Review: Space Harrier II (Sega Genesis)

In this review, we fly through the game Space Harrier II for the Sega Genesis. We find out how well this third person shooter game plays.

This game was released in 1989. We’ve never played this game series before, so this is our first experience with it.

The protagonist, Harrier, receives a distress call. He then jumps into action and comes to the rescue.

You can select which stage you want to start with. From there, Harrier will fly out.

In this game, you have the ability to fly. Although you can change direction somewhat, the enemy flight patterns are scripted.

You have the one weapon you carry with you. Besides moving around, all you can do is fire your weapon otherwise. This puts more emphasis on defensive moving and strategic shooting. Enemy fire will be directed at your general direction, but you have a small window to work with to fly out of the way.

In addition to this, you have 5 lives to work with. Run out of free lives and it is game over.

At the end of each stage, you encounter a stage boss. Beat the stage boss and move on to the next stage.

One thing that sticks out at me right away is the difficulty. The difficulty is a little more on the tougher side of things. It’s not overwhelmingly difficult, but it also is no walk in the park – especially if you are encountering a stage for the first time.

Another noticeable fact in this game is the fact that it’s a little lean on the features. There are no real power-ups or items to collect. Instead, you are mostly focused on posting the highest score possible before either the enemies or terrain finishes you off.

Because of the difficulty, players won’t last very long. Still, because it’s possible to learn the different patterns in a reasonable manner, this game is one that won’t keep pushing players back. Instead, players can find themselves gradually getting further and further ahead. So, I did feel that the game is a little bit more on the inviting end of things in spite of the difficulty.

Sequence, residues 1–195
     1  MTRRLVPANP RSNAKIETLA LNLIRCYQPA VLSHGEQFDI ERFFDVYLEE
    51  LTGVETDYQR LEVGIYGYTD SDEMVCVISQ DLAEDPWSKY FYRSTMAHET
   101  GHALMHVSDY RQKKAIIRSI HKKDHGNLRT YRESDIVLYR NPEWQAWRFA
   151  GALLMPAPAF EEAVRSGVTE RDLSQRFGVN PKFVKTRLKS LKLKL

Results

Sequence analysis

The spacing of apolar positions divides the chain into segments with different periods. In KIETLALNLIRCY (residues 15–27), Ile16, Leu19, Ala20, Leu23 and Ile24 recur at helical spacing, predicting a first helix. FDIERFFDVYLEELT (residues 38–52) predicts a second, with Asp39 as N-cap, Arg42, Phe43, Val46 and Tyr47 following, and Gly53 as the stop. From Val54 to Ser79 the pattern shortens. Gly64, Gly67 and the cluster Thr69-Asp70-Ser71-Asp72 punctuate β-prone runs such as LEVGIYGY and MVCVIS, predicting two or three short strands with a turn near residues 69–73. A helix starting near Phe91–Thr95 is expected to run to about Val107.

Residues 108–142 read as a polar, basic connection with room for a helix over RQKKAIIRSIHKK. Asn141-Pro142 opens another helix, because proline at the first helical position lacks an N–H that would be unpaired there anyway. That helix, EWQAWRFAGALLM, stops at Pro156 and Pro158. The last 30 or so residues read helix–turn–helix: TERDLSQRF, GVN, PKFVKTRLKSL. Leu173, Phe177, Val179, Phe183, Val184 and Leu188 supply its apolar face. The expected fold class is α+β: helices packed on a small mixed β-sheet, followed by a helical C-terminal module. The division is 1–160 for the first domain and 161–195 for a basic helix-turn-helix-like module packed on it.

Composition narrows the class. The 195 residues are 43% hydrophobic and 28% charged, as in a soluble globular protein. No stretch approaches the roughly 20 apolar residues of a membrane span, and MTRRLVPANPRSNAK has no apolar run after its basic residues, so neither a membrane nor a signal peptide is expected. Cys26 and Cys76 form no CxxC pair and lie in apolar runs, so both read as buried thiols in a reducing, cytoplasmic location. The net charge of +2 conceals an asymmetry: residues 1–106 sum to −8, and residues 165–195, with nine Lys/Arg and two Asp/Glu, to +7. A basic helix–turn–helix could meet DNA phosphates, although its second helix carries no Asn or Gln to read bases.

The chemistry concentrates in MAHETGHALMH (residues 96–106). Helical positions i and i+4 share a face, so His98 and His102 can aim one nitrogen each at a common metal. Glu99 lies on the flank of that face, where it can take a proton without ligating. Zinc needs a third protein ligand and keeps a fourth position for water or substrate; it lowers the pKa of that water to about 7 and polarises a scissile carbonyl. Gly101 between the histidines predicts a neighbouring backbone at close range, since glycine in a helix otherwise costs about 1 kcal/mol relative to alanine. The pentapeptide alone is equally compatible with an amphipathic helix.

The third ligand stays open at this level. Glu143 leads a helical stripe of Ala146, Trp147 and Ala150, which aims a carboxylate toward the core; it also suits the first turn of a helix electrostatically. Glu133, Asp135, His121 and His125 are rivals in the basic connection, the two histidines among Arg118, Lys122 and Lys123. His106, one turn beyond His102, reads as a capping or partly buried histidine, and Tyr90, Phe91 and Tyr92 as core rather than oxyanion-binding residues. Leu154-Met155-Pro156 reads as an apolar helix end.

Generally speaking, this game is OK. It is pretty lean on features, and it is a little more on the difficult side of things. On the more positive end of things, you get a full 3D environment to play with. It is also possible to memorize the enemy patterns, so this game is pretty easy to come back to after a defeat. So, a decent job overall.

The graphics are pretty good. The fact that it’s a 3D game definitely gives it a leg up on the competition. The fact that the various sprites are actually fairy well drawn is also a plus. The animations are well done. The ground is a little basic for my tastes, but this game is definitely well done as far as graphics are concerned.

The audio tells an interesting tail. At first, when I heard the music, I thought this was going to be a strong game. Unfortunately, I found out that the stage track is the same for every stage. So, it does get repetitive. The other tracks are only heard if you are going through menu’s or reaching bosses. This is a shame if you ask me because you have basically put a vast majority of the music into a tiny part of the game. The voice samples work well and the sound effects are pretty good. If there was more variety in music on the stages, I would have said it is a well done game, but it ends up being only decent.

Overall, this is an alright game. The difficulty is a bit on the tough side of things, but the game is inviting for players to try again because it’s more than possible to memorize enemy attacks on the next attempt. The lack of very many features is a bit of a drag as it makes the game a little simplistic. The graphics are bolstered by the 3D environment. As a result, besides the sometimes sparse ground patterns, the graphics are a strong part of this game. The audio is pretty average thanks to the incredibly repetitive stage track that plays on every track. An overall decent game.

Died on the second stage: 1,702,600

General gameplay: 18/25
Replay value: 7/10
Graphics: 8/10
Audio: 3/5

Overall rating: 72%

Drew Wilson on Twitter: @icecube85 and Facebook.

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